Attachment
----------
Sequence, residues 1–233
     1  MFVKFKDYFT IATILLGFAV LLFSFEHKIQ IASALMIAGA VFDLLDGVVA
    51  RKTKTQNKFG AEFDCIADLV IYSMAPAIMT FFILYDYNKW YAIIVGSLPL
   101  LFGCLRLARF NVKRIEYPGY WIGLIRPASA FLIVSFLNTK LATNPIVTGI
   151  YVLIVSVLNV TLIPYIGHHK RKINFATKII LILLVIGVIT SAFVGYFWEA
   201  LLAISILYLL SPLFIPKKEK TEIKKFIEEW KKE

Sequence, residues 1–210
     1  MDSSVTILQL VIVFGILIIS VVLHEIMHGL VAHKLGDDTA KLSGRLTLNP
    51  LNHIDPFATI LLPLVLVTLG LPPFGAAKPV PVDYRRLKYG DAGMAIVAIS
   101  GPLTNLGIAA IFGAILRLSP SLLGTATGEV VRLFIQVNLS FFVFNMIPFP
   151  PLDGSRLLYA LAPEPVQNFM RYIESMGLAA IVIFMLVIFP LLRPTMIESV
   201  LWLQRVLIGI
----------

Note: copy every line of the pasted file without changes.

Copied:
Sequence, residues 1–233
     1  MFVKFKDYFT IATILLGFAV LLFSFEHKIQ IASALMIAGA VFDLLDGVVA
    51  RKTKTQNKFG AEFDCIADLV IYSMAPAIMT FFILYDYNKW YAIIVGSLPL
   101  LFGCLRLARF NVKRIEYPGY WIGLIRPASA FLIVSFLNTK LATNPIVTGI
   151  YVLIVSVLNV TLIPYIGHHK RKINFATKII LILLVIGVIT SAFVGYFWEA
   201  LLAISILYLL SPLFIPKKEK TEIKKFIEEW KKE

Sequence, residues 1–210
     1  MDSSVTILQL VIVFGILIIS VVLHEIMHGL VAHKLGDDTA KLSGRLTLNP
    51  LNHIDPFATI LLPLVLVTLG LPPFGAAKPV PVDYRRLKYG DAGMAIVAIS
   101  GPLTNLGIAA IFGAILRLSP SLLGTATGEV VRLFIQVNLS FFVFNMIPFP
   151  PLDGSRLLYA LAPEPVQNFM RYIESMGLAA IVIFMLVIFP LLRPTMIESV
   201  LWLQRVLIGI